Stellar New Year's Business Can't Quite Bridge Broadway's Annual Drop
Disney's 'The Lion King' was once again the year's top-selling show, raking in $102.7 million, but overall box office and attendance were both down for 2015.
If only Hamilton had opened in January.
A few extra months of that show's sellout business, with grosses upwards of $1.5 million a week since it opened in August, would have made up the difference that kept Broadway from matching its 2014 totals.
Buoyed by strong sales over the New Year’s week, Broadway’s annual totals came in at $1.354 billion and 12.98 million admissions for 2015. That’s down by a slim $7.8 million and 150,000, respectively, from the all-time high of 2014, which totaled $1.362 billion in box office and attendance of 13.13 million.
Still, nobody’s complaining. The week ending Jan. 3 was the best-attended and highest-grossing on Broadway in recorded history, according to figures supplied by the Broadway League. Weekly grosses hit a healthy $43 million, with 357,718 admissions, beating out last year’s total for the same week of $42.8 million and 346,913. Of the 38 productions currently on the boards, 20 shows topped the $1 million mark, four of them making north of $2 million.
The holiday coffers were boosted by several shows playing an extra performance, with nine-show schedules elevating weekly grosses at Wicked ($2,940,096), The Lion King ($2,878,505), Aladdin ($2,398,110), The Book of Mormon ($2,024,551), Fiddler on the Roof ($1,725,264), School of Rock ($1,671,622), The Phantom of the Opera ($1,651,287), Matilda ($1,556,824), Finding Neverland ($1,477,505), Kinky Boots ($1,359,430) and Something Rotten ($1,155,633), among others.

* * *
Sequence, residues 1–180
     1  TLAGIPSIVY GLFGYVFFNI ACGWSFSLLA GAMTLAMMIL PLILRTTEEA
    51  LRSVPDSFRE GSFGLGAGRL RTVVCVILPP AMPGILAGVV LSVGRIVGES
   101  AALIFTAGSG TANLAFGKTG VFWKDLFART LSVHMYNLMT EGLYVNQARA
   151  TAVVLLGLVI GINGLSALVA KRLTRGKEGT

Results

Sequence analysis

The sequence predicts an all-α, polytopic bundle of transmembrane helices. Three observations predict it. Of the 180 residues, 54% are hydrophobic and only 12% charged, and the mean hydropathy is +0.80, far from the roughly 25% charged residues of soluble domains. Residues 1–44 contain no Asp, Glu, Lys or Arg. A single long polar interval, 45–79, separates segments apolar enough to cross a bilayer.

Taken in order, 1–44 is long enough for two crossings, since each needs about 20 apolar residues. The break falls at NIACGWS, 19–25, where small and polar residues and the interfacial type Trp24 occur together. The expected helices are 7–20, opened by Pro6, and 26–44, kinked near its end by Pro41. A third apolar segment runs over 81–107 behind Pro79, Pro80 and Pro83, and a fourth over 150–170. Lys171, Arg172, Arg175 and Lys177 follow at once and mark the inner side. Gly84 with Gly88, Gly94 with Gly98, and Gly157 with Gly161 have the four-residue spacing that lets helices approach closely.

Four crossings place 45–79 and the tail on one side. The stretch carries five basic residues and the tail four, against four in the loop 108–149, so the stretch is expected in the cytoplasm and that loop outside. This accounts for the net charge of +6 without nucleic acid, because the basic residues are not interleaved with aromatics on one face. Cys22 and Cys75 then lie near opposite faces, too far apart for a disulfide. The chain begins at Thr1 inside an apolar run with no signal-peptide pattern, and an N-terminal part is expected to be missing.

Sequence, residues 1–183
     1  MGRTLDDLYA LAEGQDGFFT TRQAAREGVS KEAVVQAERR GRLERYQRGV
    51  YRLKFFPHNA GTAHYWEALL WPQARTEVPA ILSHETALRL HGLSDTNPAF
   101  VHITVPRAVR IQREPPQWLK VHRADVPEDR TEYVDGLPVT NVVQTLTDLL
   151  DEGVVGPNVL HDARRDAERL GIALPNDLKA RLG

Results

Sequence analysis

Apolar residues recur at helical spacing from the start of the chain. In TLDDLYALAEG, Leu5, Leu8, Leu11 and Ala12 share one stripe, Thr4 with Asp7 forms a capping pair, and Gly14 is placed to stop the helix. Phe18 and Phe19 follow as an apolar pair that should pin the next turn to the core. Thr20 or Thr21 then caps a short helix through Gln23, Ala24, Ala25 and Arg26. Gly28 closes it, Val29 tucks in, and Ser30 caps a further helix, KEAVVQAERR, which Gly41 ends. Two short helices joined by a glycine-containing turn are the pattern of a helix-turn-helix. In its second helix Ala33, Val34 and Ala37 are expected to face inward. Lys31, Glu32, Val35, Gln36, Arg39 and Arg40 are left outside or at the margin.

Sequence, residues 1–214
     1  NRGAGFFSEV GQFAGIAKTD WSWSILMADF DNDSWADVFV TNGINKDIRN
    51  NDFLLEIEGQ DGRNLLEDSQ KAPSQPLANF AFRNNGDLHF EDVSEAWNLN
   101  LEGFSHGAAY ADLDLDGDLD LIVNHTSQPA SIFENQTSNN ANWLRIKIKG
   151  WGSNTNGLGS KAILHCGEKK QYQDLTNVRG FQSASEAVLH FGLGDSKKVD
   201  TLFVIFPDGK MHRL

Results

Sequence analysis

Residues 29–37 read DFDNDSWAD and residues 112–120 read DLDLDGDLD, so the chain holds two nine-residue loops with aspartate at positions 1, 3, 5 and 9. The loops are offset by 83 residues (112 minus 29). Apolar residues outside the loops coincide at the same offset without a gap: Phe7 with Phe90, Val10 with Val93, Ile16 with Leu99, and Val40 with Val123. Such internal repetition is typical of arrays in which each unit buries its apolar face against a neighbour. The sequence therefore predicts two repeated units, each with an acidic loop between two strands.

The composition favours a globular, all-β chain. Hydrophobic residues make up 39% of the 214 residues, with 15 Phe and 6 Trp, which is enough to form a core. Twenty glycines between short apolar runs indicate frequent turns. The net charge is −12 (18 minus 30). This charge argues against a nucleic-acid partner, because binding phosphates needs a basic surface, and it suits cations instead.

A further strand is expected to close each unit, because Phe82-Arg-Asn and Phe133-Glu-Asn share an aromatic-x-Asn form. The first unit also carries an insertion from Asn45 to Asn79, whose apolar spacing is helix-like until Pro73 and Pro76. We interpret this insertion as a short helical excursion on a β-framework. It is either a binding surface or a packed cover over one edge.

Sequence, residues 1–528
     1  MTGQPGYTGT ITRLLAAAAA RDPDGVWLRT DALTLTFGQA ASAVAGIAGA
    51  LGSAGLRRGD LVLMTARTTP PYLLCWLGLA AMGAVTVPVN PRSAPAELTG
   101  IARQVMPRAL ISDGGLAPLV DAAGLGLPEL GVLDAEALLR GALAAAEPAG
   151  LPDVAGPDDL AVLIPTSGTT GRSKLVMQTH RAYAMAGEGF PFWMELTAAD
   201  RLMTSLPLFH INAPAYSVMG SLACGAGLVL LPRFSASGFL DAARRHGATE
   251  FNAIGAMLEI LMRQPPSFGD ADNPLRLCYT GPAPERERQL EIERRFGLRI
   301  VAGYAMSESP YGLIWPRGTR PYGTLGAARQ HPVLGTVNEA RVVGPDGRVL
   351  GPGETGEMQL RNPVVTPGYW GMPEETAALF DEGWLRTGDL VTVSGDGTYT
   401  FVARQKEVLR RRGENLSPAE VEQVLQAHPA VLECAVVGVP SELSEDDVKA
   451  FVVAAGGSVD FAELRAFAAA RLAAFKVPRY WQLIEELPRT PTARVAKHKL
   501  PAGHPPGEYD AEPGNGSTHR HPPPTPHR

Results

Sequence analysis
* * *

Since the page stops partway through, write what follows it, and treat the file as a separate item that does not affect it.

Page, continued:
The Las Vegas-style magic variety show The Illusionists played 13 performances in the final week of its holiday engagement at the Neil Simon Theatre, setting a new house record for that venue of $1,801,327. New house records also were set by Aladdin and School of Rock.
While current-season monster hit Hamilton stuck to its regular eight-performance schedule, the show almost joined the elite $2 million club, grossing $1,959,785 for the week.
As expected, Disney was the top earner for the third consecutive year, with The Lion King grossing $102.8 million in 2015. Wicked followed in second place with $90.8 million, and another Disney show, Aladdin, came in third with $81 million.
The top-grossing nonmusical play of 2015 was the Tony-winning fall 2014 opener The Curious Incident of the Dog in the Night-Time, which totaled $39.3 million during the calendar year. That was followed by Larry David’s comedy Fish in the Dark, which made $27.6 million in its limited engagement; and the Helen Mirren vehicle, The Audience, with $22.1 million.
Other heavyweight earners among musicals in 2015 included The Book of Mormon ($79.5 million), Beautiful ($52.7 million) and An American in Paris ($52.2 million). While Hamilton played for just half the year, it grossed an impressive $37.3 million.
Broadway figures generally are calculated not according to calendar years but to theatrical seasons, which run from midyear to midyear, pegged to the Tony Awards in June. Totals for the 2015-16 season currently stand at $865,725,125, with 8,133,116 admissions. Seventeen more shows are scheduled to open in the next few months, before the Tony eligibility cutoff at the end of April.